As of today, Apple has started changing the typeface on its Apple.com website to San Francisco, the font it first debuted alongside the Apple Watch in 2015.
On Apple's homepage and other web pages on the site, the San Francisco typeface is being used in many places where text is displayed, replacing the previous Myriad typeface. Bolder and easier to read, San Francisco has been used on iOS devices and Macs since iOS 9 and OS X 10.11 were introduced in 2015.
San Francisco is a condensed sans-serif that's similar to Helvetica. It was created specifically for small displays like the Apple Watch, with extra spacing between letters to increase legibility. It also works well on larger Retina displays because of its clean design.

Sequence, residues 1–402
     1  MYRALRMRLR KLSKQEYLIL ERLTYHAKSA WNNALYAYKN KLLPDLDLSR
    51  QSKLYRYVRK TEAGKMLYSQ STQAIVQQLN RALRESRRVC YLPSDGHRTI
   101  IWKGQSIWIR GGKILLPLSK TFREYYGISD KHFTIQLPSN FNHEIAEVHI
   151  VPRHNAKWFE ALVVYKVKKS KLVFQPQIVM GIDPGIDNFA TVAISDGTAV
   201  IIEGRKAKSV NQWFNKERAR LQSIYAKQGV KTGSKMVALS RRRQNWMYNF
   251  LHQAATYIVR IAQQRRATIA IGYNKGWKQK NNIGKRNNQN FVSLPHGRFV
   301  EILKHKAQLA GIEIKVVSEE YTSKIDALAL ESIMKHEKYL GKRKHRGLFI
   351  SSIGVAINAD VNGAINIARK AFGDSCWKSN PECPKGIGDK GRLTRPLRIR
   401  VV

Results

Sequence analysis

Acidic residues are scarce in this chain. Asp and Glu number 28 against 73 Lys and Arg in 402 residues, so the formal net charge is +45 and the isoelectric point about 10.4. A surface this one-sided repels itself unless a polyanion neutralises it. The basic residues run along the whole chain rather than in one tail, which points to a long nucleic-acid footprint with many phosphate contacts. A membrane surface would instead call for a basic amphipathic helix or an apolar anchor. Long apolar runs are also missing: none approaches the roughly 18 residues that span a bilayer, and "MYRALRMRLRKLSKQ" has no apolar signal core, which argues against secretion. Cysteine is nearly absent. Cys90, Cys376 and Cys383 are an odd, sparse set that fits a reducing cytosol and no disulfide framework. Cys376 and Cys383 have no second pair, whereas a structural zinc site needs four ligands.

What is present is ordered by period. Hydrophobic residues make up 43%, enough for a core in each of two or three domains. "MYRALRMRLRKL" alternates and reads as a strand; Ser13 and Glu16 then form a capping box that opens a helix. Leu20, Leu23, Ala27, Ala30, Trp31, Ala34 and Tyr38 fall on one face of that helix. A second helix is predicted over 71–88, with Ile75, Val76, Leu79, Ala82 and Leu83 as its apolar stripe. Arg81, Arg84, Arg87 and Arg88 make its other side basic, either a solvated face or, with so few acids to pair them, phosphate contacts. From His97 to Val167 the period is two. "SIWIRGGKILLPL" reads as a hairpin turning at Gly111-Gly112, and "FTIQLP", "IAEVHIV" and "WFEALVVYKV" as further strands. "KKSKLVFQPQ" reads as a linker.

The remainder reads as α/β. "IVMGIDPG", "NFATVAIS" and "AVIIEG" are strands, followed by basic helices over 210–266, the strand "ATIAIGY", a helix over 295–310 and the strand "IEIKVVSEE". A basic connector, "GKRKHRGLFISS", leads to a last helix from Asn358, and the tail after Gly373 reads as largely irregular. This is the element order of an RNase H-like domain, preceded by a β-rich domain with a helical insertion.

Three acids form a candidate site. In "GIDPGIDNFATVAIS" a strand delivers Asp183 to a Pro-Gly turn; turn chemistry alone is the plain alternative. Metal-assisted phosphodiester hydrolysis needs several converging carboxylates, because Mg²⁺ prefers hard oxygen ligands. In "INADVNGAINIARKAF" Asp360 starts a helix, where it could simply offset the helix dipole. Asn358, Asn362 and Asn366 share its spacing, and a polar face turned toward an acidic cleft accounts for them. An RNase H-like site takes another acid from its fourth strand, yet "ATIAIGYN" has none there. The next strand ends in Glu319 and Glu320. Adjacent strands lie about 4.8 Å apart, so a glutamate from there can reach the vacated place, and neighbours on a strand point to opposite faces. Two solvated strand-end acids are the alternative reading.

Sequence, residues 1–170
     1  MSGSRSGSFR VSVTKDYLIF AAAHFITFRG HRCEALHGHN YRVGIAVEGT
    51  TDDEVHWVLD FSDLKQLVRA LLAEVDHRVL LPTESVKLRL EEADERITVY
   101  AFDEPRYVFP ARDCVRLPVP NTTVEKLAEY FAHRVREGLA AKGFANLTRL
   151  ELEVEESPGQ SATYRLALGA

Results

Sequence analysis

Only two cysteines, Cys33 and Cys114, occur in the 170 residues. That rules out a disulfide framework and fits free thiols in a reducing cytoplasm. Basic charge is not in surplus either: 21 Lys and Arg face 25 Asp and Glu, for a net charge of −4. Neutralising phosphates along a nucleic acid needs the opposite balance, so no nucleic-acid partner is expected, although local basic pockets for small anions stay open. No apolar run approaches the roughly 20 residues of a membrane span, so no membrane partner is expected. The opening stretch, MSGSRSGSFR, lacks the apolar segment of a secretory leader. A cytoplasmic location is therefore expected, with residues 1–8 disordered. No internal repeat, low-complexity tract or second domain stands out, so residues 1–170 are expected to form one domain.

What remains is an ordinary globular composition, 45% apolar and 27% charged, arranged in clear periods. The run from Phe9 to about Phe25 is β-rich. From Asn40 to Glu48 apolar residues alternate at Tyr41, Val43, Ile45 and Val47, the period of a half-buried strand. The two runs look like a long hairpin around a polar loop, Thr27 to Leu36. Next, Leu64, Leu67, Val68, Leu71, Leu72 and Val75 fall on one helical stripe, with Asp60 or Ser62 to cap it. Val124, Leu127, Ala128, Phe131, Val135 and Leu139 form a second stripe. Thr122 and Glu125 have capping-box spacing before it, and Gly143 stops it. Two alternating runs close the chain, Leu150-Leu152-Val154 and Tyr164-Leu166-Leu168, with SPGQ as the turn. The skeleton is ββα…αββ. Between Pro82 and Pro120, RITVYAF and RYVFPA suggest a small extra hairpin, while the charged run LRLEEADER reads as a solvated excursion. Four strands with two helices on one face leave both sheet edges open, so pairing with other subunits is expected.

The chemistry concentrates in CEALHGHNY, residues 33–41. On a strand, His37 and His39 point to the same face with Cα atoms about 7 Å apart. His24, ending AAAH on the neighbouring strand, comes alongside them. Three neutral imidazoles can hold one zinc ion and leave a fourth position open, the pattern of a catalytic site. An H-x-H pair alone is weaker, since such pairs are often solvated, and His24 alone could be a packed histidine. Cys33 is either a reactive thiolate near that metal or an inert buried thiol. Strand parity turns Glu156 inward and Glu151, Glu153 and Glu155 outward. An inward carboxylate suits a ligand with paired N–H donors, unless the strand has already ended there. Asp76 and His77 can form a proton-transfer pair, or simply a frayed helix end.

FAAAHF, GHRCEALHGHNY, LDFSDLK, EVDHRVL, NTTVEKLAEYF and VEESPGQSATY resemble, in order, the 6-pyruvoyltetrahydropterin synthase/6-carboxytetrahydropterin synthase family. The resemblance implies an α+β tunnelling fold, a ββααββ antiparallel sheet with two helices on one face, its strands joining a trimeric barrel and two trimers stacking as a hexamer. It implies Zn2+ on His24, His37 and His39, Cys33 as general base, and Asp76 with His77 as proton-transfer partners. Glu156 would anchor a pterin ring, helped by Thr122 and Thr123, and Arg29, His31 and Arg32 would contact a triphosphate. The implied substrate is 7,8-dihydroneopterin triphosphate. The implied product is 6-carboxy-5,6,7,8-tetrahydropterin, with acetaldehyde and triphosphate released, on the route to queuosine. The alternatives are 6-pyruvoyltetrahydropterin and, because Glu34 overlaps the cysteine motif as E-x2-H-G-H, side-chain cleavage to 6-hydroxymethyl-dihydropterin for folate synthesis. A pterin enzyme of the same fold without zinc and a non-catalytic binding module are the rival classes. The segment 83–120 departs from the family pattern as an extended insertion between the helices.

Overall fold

San Francisco is the first font Apple has designed in-house in many years. In the 80s and 90s, Apple used several fonts that were created in-house, but the company largely stopped making its own fonts in the early 1990s.
Apple isn't yet using the San Francisco typeface for its entire website, but may continue the transition over the coming days.
Top Rated Comments
Almost as much spacing between those ugly letters as there is between Mac Mini updates!
Was that good?
Next up: Tim Cook saves a baby from a burning building. MR forums: Cook can take the time to save a baby but he can't even make a battery last all day. Wah!
There was a reason why up until now Apple had separate typefaces for user interface and other media. You never saw a print ad set in Chicago or Charcoal. You never had UI elements set in Apple Garamond. Yes, those were specifically design and set for low vs high resolutions, but even with retina screens today typefaces made for user interfaces still look awkward and "cheap" when displayed at headline sizes.
Mark my words, 2017 will be another dull year for Apple.